She had to take a moment to force the air in her lungs out, and then dragged in a deep breath, to banish the phantom pressure of stone around her.

"I'm just saying, I think it'd be best if we headed toward Omashu right away. Bumi's your old friend; he'll definitely teach you earthbending, right?" Sokka was saying. He and Aang were walking behind her, trailing along as she wandered between the market stalls.

"I guess," Aang replied, pouting. He'd probably wanted to stop by some place that had some strange kind of animal he could play with. Katara tucked her latest purchase—some potato-carrots—into her bag and joined them where they were standing. She put a hand on Aang's shoulder.

"I bet training with Bumi will be a lot of fun," she said. "He doesn't seem like he's as… um… strict as Master Pakku."

Aang's lips tilted in a slight smile.

"Yeah! Bumi's great."

"Good! Then it's decided," Sokka said. "Let's get our supplies and head out."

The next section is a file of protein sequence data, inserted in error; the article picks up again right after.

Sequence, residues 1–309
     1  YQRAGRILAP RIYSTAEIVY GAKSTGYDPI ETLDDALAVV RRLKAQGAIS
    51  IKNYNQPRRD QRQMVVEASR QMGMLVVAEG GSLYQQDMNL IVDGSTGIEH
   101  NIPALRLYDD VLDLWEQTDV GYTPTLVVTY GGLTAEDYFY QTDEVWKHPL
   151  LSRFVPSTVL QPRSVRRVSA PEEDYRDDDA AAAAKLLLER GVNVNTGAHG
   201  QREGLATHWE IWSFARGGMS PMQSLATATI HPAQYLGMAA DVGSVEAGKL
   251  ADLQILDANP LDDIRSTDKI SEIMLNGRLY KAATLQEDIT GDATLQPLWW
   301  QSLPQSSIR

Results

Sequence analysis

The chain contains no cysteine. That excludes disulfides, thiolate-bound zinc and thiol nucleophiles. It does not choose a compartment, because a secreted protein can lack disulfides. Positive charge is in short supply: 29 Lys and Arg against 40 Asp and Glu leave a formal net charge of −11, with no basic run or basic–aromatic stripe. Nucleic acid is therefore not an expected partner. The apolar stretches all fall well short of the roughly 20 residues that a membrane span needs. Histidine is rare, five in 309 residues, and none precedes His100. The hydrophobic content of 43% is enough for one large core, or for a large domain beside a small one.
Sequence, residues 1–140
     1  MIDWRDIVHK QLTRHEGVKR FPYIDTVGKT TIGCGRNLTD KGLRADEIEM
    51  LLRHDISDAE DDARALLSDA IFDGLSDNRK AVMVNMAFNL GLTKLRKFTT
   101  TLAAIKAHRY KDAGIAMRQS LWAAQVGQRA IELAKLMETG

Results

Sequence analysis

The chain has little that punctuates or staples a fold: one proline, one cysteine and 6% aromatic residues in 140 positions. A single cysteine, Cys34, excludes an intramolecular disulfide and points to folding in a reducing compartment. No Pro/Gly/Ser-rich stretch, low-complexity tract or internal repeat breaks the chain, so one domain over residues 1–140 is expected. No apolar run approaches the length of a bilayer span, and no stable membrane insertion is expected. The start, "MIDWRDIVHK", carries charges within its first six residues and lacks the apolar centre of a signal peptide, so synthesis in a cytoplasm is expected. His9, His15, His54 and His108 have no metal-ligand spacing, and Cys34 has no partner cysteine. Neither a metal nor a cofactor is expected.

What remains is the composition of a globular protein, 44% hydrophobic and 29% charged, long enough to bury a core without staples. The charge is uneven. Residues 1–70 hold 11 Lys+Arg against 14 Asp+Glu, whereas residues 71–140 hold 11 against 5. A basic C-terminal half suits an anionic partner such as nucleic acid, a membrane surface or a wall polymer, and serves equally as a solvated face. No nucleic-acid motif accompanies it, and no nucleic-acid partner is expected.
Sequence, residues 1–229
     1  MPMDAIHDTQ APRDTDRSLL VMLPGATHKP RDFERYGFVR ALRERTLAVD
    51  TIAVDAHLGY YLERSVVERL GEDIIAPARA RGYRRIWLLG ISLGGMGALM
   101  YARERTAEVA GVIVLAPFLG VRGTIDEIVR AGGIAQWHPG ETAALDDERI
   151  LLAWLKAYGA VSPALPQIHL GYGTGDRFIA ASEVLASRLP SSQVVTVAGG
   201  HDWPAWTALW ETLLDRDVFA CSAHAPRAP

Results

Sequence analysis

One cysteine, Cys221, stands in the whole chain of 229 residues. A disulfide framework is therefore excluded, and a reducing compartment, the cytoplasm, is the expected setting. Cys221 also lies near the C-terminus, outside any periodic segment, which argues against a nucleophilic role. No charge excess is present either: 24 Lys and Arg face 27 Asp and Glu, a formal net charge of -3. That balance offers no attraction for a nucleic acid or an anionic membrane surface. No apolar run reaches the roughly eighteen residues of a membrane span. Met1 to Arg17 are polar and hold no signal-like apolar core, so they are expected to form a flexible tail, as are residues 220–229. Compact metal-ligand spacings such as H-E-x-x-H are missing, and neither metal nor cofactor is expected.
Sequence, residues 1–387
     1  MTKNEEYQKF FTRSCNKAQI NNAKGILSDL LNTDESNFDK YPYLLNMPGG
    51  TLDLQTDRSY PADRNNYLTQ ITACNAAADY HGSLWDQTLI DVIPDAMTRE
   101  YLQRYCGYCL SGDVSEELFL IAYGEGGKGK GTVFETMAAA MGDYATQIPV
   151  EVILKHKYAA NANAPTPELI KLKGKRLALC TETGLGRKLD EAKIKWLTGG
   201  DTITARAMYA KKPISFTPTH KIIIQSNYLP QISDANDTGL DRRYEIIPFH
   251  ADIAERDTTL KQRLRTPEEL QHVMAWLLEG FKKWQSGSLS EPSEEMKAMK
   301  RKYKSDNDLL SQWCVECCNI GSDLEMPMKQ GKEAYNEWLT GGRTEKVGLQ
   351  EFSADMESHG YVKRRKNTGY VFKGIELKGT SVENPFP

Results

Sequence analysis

Katara glanced at the coins left in her hand. Or rather, coin. A battered specimen of the very smallest denomination of coin lay in her palm, dull and tarnished. They wouldn't find anything they could afford for that much. They were out of money again. She sighed. "We've got everything already," she said. "Let's just go get Appa and get out of here."

"Wait, please," said a voice from the alleyway behind them. The trio spun, hands going to weapons or whipping up into bending stances.

And older man stood in the shadows of the alley, stocky, grey hair and beard, and a grim look in his amber eyes.

"You!" Katara, Sokka, and Aang exclaimed in unison, recognizing the Fire Nation man who had accompanied Zuko as the banished prince had chased them across the world.